What is dry skin?
Dry skin is thin and tight, perhaps with flakes, lines or cracks, or it looks ‘frosty’ or red, especially when you’re run down or when the weather is harsh. If it’s not looked after it can get sore and broken, even infected.
Learning to live with dry skin starts with a closer look at how the skin works. The skin forms the boundary between a human body, made of 60% water, and the 'dry' outside world, but because substances must be excreted through our skin. it cannot be a hermetically sealed layer. As a result, water vaporises into the air through the skin – but the skin has to ensure that natural moisture loss is reduced to a minimum. To protect our inner moisture, the epidermis is formed with a thick ‘cornified’ outer layer (stratum corneum), rich in fatty proteins in a close-knit structure which keeps moisture in and pathogens out. On top of it is the hydrolipid film, or acid mantle, which is made of oily secretions and sits on the surface of the skin.
With dry skin, the epidermis contains too much fat and holds too little moisture, which makes it dry and scaly. The acid mantle may also be too thin. Dry skin can be congenital (inherited or present from birth) but it can also be caused by a variety of external factors. It can occur anywhere on your body, from the scalp to the tips of your toes. Some people experience only patches of dry skin, for example only on the face, while others get it all over.
What are the causes of dry skin?
1. Shower or bath products
The combination of soaps, bath and shower gels with aggressive detergents and very hot water not only removes dirt, but can also affect the acid mantle of our skin. After coming out of the shower, water evaporates from the skin. Frequent showering or bathing with hot water and chemical products is likely to exacerbate your dry skin.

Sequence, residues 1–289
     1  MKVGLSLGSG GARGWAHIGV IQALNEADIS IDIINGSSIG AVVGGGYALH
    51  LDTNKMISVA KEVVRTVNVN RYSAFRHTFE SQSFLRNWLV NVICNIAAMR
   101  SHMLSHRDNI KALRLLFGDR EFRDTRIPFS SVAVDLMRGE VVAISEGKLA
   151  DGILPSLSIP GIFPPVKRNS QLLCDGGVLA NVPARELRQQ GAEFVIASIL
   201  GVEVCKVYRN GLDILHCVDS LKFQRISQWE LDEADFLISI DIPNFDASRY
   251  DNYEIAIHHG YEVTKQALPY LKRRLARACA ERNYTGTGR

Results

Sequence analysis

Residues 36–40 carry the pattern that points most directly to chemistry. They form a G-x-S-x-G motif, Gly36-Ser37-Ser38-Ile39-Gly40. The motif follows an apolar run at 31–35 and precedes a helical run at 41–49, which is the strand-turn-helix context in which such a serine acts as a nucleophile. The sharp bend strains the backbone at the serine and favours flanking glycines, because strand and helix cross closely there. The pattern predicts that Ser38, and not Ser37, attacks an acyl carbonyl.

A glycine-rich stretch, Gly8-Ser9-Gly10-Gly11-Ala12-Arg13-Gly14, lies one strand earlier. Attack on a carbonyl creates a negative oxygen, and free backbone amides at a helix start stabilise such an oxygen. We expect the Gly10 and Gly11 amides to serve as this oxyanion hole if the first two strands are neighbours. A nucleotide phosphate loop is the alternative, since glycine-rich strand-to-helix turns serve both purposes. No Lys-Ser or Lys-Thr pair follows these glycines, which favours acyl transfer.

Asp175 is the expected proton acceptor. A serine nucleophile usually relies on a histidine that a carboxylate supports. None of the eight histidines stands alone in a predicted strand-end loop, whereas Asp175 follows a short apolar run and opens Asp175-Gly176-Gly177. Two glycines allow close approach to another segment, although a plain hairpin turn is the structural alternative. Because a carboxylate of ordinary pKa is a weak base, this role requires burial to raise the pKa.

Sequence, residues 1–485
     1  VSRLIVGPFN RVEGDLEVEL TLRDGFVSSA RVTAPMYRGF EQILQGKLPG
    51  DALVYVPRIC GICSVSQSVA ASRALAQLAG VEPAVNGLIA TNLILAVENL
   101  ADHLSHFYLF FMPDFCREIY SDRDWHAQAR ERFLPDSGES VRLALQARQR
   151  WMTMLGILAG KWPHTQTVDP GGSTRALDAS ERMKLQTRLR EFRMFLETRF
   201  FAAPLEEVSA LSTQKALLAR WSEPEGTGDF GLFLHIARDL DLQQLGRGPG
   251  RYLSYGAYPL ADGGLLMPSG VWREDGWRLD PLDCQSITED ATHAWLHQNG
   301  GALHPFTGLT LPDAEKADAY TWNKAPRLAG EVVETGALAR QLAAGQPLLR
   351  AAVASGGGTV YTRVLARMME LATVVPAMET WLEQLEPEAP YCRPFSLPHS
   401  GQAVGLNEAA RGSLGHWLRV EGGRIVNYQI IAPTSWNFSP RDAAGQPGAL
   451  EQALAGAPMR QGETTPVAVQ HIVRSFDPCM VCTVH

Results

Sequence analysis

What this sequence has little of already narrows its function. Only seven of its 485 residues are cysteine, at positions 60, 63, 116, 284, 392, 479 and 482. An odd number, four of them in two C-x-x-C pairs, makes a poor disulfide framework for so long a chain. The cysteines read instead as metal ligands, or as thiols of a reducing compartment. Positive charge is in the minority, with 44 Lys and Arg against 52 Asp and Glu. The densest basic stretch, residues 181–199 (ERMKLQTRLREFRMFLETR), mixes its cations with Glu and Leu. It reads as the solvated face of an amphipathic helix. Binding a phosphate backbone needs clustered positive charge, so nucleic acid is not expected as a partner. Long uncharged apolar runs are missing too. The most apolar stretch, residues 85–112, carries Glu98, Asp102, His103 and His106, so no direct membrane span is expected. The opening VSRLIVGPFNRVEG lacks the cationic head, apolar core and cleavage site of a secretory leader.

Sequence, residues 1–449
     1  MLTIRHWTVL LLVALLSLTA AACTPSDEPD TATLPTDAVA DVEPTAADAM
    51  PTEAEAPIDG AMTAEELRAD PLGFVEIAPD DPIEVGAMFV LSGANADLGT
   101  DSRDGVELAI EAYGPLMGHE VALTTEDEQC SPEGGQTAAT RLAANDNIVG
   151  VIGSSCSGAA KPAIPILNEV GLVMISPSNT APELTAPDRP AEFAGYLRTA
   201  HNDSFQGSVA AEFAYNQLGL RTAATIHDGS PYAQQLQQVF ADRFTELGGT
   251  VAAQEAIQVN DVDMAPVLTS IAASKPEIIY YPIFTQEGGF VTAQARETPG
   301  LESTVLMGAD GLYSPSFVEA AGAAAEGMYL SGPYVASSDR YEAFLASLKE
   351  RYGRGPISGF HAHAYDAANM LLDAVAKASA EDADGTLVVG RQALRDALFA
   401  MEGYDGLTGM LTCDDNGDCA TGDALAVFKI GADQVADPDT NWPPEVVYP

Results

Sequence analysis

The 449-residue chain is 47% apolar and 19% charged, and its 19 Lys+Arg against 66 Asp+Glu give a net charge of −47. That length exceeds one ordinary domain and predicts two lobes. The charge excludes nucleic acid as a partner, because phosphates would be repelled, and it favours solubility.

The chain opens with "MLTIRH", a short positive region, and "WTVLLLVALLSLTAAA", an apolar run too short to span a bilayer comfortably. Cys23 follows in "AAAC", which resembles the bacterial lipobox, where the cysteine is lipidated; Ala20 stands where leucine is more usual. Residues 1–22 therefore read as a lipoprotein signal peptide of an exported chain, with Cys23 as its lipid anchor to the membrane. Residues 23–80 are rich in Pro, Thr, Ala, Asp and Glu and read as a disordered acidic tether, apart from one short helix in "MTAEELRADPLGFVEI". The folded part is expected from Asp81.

2. The use of certain cosmetics
Synthetic emollients (moisturisers) can also affect acid mantle of your skin, as can some perfume substances and preservatives. With the barrier function unable to function properly, more moisture is lost and an even drier skin can result.
3. Diet and lifestyle
A shortage of certain nutrients such as protein and certain fats can mean that your skin cells show a shortage of these substances. An unbalanced diet is one of the causes of dry skin, especially if you also drink a lot of alcohol and/or smoke. You are literally drying out your skin from the inside.
4. Your age
As you get older, hormone changes mean your skin becomes drier. It’s a natural process which we often start to notice most during and after menopause. That’s when oestrogen decreases and many women notice that their skin feels much drier.
5. Harsh weather
In cold temperatures, wind and dry air, your skin will get dried out even more from the outside. During the winter you can feel your skin suffering.
6. Exposure to sunlight
Too much sunlight can dry the skin – although some sunlight is important for the production of vitamin D, which is lacking in much of the UK population. Try not to over-indulge in the sun when the weather does turn fine, or when you are on holiday.
7. Dry air in the house
Ideal humidity in the house is around 45 to 50%, but with central heating and air conditioning it’s often much lower, and dry skin once again suffers. A humidifier or bowls of water on a windowsill or above the radiators may solve the problem.
Research shows that stress not only interferes with the functions of the skin, but also has an influence on the production of the proteins which help to retain moisture.